The Unintended Consequences of Obamacare on the Future of Medicare

On the campaign trail, both Democrats and Republicans are pointing angry fingers claiming that the opposition party’s plan will end Medicare as we know it.  There can be no doubt that both parties are correct.

While I’m nowhere near convinced that the GOP has a completely workable plan, I’m even more fearful of what I predict will happen under President Obama’s Affordable Care Act (ACA).  A new working paper from American Action Forum scholars Michael Ramlet and Robert Book clearly shows how the $700 billion in cuts mandated by the ACA are both real and damaging.



The Ramlet-Book study is based on the July, 2012 Congressional Budget Office report.  It shows cuts to each state based on shares of Medicare spending and Medicare Advantage enrollment.

The cuts hit payment rates to Medicare fee-for-service providers the hardest, to the tune of $415 billion. Payments to  Medicare Advantage plans and hospitals pick up another massive chunk ($156 billion and $31 billion, respectively). Dozens of small ACA cuts trim Medicare spending by an additional $114 billion. All told, the ACA whacks nearly three-quarters of $1 trillion from Medicare spending between 2013 and 2022.

That’s a ton of taxpayer money, but what does it really mean to Medicare beneficiaries?

Democrats make the claim that the ACA does not rob Medicare, because it does not cut benefits. While technically true, Democrats fail to explain that fewer and fewer health care providers will offer services at the new ACA mandated rates.  This is an unintended consequence of devastating proportion to many seniors.

When cuts to health care providers near or dip below what it actually costs to deliver the services, they  stop offering services to Medicare patients. Put bluntly, seniors will be offered fewer benefits because fewer providers will offer them services.  When seniors go to a provider that does not accept the government approved rate, the senior pays the difference.  In essence, the ACA cuts shift billions in “excess charges” to seniors.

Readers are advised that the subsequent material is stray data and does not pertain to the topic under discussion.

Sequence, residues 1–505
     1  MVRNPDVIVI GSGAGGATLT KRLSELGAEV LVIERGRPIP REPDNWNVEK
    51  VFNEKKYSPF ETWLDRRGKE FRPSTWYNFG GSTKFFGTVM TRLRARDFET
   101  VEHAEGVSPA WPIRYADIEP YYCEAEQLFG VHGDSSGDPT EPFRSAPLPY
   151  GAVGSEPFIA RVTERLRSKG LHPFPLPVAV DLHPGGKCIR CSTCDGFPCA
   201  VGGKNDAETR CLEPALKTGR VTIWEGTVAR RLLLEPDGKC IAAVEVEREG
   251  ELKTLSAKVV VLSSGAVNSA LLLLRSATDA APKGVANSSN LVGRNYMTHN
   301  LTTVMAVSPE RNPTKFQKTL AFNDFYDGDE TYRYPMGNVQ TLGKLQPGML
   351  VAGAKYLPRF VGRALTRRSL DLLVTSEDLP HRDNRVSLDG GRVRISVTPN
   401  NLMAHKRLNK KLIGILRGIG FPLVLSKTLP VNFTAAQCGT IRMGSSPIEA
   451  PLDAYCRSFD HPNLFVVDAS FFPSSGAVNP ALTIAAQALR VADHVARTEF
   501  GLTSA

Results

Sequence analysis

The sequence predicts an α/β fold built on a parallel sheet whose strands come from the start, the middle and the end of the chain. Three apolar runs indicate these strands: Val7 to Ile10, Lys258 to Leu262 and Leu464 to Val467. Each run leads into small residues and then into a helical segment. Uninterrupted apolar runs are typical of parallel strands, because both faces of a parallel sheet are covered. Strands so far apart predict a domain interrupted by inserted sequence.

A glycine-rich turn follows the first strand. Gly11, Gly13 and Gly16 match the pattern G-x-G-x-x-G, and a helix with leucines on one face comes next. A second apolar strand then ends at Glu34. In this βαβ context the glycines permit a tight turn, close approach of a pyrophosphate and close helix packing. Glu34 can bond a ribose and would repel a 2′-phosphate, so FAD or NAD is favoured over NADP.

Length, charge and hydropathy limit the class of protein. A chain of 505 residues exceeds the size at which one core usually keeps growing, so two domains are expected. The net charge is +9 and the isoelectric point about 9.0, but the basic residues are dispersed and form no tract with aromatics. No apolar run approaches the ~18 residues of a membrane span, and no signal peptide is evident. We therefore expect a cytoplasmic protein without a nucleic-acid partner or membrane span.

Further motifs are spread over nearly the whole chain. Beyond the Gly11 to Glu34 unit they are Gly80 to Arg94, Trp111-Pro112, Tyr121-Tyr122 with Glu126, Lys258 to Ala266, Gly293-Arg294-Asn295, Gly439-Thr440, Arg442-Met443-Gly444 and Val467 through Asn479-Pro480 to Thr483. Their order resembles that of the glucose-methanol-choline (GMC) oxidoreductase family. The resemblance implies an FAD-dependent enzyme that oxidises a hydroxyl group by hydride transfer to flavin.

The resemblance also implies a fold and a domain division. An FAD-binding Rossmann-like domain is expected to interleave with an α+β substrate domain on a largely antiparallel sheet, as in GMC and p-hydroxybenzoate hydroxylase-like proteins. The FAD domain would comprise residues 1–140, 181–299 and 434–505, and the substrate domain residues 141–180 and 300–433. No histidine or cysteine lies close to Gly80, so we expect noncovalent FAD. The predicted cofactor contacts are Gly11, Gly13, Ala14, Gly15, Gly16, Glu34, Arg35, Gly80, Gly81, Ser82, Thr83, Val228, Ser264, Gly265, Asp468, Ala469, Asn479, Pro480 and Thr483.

Regardless of which political party you align yourself with, it’s difficult to deny how the ACA’s cuts to Medicare can be anything but a bad thing for seniors.  So, you have to ask, why would the president make the cuts he did?  It boils down to political party accounting.

By claiming they did not cut Medicare, the Democrats get an IOU, of sorts, from the U.S. Treasury.  The reality is that the money is being spent on subsidies to fund private health insurance on state exchanges. Sounds like a good idea until you realize we’re simply moving the burden from one demographic to another.

According to the Center for Medicare and Medicaid Services, the total bill for the state health exchanges is likely to exceed $800 billion by 2021. That means the cuts to Medicare fall short of actually funding ACA and will not extend Medicare’s solvency.

Like your presidential candidate for whatever reasons suit you, but go into this election understanding the reality. The Affordable Care Act might very well be what this country needs to provide health care to those who have none, but it will do so on the backs of America’s seniors.